This may sound like a fancy title, but it just means figures with flat sides and a hole in the middle! Continue reading Toroidal polyhedra
In this session we asked what solids can be made using regular polygons as sides. We investigated this almost entirely by playing around with snap-together polygons. And thanks to our campus 3d printer, we got to handle some of the more obscure shapes too. Continue reading Solids from regular sides
A Platonic solid is a polyhedron with the same regular polygon on every side, and also the same number of sides at every vertex. The cube is the most well-known example, and the tetrahedron (pyramid with a triangular base) is another one. In fact, there are only five such figures possible! The other three are called the octahedron (8 sides), dodecahedron (12 sides), and icosahedron (20 sides).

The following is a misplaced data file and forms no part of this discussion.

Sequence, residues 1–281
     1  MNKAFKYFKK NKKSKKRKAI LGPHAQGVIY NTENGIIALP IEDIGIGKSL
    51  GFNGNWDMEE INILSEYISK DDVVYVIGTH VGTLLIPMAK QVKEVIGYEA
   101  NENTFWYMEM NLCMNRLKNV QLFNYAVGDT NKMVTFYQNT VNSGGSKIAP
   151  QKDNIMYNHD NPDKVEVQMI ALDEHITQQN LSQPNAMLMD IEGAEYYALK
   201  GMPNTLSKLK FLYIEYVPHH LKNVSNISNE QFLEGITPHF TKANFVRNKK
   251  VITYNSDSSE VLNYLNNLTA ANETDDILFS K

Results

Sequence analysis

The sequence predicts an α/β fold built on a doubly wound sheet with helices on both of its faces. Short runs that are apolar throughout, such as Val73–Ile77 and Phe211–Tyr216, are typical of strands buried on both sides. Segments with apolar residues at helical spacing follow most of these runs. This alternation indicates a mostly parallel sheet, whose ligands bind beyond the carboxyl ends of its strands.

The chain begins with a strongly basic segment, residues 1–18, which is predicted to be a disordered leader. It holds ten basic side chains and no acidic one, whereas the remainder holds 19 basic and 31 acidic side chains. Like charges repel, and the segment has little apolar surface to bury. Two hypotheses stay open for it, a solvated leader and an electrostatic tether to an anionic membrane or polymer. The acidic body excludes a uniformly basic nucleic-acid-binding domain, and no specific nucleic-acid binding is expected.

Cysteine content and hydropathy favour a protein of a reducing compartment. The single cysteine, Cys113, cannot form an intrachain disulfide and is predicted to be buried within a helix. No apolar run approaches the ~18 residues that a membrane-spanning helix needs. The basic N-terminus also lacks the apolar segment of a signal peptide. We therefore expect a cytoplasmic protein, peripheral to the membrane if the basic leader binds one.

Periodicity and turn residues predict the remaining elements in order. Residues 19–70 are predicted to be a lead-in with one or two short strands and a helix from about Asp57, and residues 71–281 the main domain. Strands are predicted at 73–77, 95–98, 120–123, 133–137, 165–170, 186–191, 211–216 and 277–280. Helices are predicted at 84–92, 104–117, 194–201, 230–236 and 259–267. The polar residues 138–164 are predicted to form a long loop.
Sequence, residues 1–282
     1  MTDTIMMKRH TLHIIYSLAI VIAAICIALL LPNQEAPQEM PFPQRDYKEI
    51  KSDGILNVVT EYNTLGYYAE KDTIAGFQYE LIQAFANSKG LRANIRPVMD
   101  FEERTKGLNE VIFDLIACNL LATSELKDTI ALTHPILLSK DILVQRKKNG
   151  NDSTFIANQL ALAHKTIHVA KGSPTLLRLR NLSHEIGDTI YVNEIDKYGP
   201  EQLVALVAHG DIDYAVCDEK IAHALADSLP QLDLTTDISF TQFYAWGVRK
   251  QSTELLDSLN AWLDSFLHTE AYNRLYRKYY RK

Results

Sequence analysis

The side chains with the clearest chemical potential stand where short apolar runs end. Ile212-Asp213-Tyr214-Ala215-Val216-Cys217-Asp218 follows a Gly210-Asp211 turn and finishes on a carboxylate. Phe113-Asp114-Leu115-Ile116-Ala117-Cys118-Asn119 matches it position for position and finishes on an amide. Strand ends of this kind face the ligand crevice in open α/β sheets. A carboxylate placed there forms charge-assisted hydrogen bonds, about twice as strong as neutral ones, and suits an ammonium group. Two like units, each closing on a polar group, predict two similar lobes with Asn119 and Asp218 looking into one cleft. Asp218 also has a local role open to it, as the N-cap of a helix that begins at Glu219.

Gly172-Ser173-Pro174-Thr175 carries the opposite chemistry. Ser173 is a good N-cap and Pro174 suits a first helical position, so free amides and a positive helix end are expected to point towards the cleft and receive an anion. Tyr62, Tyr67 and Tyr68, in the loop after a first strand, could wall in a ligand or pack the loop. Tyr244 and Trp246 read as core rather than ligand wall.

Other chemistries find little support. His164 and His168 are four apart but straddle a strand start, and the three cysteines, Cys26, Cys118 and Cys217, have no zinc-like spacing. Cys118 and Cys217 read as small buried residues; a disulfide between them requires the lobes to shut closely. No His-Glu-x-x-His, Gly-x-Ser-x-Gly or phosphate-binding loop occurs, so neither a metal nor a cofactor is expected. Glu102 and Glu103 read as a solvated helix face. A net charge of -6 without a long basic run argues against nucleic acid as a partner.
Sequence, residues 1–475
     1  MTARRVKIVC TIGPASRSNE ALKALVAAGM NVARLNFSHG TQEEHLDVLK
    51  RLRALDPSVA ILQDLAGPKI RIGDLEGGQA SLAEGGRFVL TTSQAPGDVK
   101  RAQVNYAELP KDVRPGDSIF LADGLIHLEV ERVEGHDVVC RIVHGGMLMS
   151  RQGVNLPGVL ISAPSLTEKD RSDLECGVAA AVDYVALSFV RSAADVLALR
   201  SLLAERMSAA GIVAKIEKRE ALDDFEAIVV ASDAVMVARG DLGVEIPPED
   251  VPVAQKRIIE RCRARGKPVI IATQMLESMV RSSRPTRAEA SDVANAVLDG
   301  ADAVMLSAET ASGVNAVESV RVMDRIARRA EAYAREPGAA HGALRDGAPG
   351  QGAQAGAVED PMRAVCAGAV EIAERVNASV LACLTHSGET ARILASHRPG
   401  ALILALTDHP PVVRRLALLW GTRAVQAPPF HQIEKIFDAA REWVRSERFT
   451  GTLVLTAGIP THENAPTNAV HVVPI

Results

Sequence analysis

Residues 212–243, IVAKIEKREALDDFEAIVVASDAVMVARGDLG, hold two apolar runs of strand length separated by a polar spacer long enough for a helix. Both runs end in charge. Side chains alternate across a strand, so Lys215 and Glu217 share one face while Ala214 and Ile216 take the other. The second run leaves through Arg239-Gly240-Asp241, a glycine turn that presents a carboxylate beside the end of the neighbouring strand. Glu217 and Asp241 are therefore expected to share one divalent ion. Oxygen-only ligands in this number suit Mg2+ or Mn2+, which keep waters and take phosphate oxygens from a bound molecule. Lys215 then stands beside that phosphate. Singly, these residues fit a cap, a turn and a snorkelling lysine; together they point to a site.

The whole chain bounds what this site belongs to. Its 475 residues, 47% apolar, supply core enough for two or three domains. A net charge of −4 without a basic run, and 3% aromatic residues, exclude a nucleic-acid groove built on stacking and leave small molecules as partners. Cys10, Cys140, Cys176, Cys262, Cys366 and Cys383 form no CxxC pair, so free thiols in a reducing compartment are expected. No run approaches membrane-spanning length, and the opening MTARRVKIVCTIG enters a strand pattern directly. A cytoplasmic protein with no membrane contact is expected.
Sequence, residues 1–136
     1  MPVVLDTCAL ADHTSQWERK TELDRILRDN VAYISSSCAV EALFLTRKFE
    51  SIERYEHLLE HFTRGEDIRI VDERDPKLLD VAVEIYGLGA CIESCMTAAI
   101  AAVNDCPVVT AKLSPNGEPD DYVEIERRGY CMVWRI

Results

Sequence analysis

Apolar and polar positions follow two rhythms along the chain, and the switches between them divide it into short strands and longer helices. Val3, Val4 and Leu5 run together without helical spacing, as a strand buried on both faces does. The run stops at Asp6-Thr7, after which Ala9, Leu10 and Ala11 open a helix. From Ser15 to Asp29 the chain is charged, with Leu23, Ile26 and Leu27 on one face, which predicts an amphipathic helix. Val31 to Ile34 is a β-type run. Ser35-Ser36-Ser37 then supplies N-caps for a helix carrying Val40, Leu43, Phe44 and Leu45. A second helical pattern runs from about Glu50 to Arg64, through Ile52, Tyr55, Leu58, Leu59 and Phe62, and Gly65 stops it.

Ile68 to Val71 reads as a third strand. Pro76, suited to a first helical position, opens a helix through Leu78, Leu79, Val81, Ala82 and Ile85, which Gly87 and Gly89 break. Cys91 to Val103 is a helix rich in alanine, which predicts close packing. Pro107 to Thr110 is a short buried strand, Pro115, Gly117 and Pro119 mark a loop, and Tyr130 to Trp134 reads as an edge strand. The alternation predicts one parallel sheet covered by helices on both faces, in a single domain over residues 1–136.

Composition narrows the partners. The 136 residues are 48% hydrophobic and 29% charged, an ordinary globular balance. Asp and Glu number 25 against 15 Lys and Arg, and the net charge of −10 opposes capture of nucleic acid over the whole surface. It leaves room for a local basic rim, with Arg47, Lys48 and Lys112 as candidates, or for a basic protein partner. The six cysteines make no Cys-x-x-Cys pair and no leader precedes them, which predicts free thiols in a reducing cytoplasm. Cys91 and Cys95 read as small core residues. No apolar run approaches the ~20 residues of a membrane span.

How could these more obscure figures have been discovered in the first place? And how can we know for sure that there aren’t any more examples? We used origami paper to ponder these questions hands-on in this session, which was delivered by our special guest Paul Ellis of Manhattanville College and the Westchester Area Math Circle. Continue reading Origami and geometry